Flip Flop Conversion
For the conversion of one flip flop to another, a combinational circuit has to be designed first. If a JK Flip Flop is required, the inputs are given to the combinational circuit and the output of the combinational circuit is connected to the inputs of the actual flip flop. Thus, the output of the actual flip flop is the output of the required flip flop. In this post, the following flip flop conversions will be explained.
- SR Flip Flop to JK Flip Flop
- JK Flip Flop to SR Flip Flop
- SR Flip Flop to D Flip Flop
- D Flip Flop to SR Flip Flop
- JK Flip Flop to T Flip Flop
- JK Flip Flop to D Flip Flop
- D Flip Flop to JK Flip Flop
As told earlier, J and K will be given as external inputs to S and R. As shown in the logic diagram below, S and R will be the outputs of the combinational circuit.
The truth tables for the flip flop conversion are given below. The present state is represented by Qp and Qp+1 is the next state to be obtained when the J and K inputs are applied.
For two inputs J and K, there will be eight possible combinations. For each combination of J, K and Qp, the corresponding Qp+1 states are found. Qp+1 simply suggests the future values to be obtained by the JK flip flop after the value of Qp. The table is then completed by writing the values of S and R required to get each Qp+1 from the corresponding Qp. That is, the values of S and R that are required to change the state of the flip flop from Qp to Qp+1 are written.
This will be the reverse process of the above explained conversion. S and R will be the external inputs to J and K. As shown in the logic diagram below, J and K will be the outputs of the combinational circuit. Thus, the values of J and K have to be obtained in terms of S, R and Qp. The logic diagram is shown below.
A conversion table is to be written using S, R, Qp, Qp+1, J and K. For two inputs, S and R, eight combinations are made. For each combination, the corresponding Qp+1 outputs are found ut. The outputs for the combinations of S=1 and R=1 are not permitted for an SR flip flop. Thus the outputs are considered invalid and the J and K values are taken as “don’t cares”.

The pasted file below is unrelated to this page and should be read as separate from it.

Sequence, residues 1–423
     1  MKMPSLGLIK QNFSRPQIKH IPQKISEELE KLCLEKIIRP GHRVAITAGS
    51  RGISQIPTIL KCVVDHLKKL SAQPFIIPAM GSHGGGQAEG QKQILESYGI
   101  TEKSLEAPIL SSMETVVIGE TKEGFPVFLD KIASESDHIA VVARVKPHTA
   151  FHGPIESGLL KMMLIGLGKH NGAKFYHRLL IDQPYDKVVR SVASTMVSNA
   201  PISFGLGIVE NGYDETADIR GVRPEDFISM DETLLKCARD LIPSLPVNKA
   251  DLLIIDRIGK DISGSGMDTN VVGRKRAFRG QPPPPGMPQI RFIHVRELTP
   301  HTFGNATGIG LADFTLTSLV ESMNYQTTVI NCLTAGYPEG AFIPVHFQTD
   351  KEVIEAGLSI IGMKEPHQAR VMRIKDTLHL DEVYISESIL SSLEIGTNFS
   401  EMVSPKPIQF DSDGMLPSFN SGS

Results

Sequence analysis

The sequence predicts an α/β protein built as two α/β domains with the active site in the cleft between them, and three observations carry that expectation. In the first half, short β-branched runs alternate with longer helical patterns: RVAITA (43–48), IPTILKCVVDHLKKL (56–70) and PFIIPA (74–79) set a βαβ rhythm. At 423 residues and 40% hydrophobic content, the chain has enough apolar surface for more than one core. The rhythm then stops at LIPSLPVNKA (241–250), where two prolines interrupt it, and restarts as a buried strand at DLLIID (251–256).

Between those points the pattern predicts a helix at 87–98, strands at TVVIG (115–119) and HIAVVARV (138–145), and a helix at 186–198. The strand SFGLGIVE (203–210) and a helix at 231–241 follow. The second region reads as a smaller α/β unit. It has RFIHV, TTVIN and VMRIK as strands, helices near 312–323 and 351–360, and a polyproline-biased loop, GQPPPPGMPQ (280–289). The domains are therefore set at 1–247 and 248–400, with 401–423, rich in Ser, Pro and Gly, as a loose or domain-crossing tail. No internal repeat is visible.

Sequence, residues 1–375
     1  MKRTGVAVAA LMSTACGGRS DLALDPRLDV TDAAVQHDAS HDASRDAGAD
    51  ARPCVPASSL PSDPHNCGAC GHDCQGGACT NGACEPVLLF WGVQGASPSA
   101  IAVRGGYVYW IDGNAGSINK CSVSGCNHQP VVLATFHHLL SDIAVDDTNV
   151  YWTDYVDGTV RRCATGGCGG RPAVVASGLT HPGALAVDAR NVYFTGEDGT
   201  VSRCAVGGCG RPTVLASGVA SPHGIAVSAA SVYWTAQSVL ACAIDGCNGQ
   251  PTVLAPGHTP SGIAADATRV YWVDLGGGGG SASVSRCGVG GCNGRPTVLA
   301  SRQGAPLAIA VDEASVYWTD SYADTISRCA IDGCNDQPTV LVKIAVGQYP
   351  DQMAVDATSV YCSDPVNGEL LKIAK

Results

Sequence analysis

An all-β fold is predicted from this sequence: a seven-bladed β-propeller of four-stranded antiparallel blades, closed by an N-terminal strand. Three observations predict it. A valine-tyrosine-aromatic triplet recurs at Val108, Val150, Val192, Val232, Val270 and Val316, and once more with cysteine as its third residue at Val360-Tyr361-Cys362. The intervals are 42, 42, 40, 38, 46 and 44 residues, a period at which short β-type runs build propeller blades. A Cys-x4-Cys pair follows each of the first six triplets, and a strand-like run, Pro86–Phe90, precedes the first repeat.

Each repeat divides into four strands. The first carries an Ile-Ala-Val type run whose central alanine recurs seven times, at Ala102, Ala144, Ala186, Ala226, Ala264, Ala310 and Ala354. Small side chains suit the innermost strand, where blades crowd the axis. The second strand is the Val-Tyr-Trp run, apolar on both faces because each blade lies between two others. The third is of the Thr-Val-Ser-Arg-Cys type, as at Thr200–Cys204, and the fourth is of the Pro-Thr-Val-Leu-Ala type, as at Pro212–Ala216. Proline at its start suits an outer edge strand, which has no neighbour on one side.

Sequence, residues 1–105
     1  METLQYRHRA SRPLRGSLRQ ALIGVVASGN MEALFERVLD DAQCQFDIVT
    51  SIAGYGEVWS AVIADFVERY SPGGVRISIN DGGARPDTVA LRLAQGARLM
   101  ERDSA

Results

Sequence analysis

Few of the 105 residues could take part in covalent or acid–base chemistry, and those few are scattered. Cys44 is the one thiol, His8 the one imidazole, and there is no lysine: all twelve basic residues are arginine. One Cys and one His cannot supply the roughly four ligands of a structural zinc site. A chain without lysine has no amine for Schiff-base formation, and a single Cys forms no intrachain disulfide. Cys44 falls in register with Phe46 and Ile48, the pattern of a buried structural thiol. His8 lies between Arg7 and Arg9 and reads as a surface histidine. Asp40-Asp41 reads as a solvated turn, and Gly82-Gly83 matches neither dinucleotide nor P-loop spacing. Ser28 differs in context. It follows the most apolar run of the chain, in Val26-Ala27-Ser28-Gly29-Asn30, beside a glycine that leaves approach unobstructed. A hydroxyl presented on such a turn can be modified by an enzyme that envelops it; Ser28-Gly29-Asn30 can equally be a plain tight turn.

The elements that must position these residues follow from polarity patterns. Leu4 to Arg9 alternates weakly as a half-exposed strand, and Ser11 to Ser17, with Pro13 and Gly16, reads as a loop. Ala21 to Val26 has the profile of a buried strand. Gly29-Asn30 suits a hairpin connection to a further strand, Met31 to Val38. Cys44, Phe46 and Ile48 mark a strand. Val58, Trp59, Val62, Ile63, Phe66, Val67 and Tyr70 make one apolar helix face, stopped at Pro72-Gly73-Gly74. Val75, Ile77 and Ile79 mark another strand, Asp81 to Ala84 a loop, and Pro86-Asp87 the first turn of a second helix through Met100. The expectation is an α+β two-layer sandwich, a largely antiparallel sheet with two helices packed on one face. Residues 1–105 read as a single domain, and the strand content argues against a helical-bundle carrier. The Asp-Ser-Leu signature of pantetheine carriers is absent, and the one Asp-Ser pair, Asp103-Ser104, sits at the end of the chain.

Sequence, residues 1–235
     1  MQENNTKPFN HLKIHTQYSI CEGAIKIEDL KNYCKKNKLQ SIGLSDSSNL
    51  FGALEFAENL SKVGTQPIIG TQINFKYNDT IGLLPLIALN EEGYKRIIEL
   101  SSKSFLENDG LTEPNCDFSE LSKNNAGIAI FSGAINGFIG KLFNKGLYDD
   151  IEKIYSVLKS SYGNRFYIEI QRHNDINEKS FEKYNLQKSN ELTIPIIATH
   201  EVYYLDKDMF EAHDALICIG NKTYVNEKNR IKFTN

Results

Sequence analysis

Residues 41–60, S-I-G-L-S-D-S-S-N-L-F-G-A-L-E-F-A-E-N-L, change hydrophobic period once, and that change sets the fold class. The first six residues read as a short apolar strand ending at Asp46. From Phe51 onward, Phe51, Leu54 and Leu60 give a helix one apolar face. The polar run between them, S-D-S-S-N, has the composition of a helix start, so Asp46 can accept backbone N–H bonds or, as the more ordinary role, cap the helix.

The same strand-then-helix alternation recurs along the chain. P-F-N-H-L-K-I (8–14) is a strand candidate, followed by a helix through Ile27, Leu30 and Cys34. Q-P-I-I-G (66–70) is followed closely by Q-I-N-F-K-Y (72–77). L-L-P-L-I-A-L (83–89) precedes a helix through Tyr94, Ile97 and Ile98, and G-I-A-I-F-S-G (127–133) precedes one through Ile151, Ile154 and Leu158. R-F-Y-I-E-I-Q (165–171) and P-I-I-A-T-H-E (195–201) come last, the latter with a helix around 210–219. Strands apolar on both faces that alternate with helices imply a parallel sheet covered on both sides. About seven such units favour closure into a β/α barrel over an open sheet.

As shown in the figure, S and R are the actual inputs of the flip flop and D is the external input of the flip flop. The four combinations, the logic diagram, conversion table, and the K-map for S and R in terms of D and Qp are shown below.
D is the actual input of the flip flop and S and R are the external inputs. Eight possible combinations are achieved from the external inputs S, R and Qp. But, since the combination of S=1 and R=1 are invalid, the values of Qp+1 and D are considered as “don’t cares”. The logic diagram showing the conversion from D to SR, and the K-map for D in terms of S, R and Qp are shown below.
J and K are the actual inputs of the flip flop and T is taken as the external input for conversion. Four combinations are produced with T and Qp. J and K are expressed in terms of T and Qp. The conversion table, K-maps, and the logic diagram are given below.
D is the external input and J and K are the actual inputs of the flip flop. D and Qp make four combinations. J and K are expressed in terms of D and Qp. The four combination conversion table, the K-maps for J and K in terms of D and Qp, and the logic diagram showing the conversion from JK to D are given below.
In this conversion, D is the actual input to the flip flop and J and K are the external inputs. J, K and Qp make eight possible combinations, as shown in the conversion table below. D is expressed in terms of J, K and Qp.
The conversion table, the K-map for D in terms of J, K and Qp and the logic diagram showing the conversion from D to JK are given in the figure below.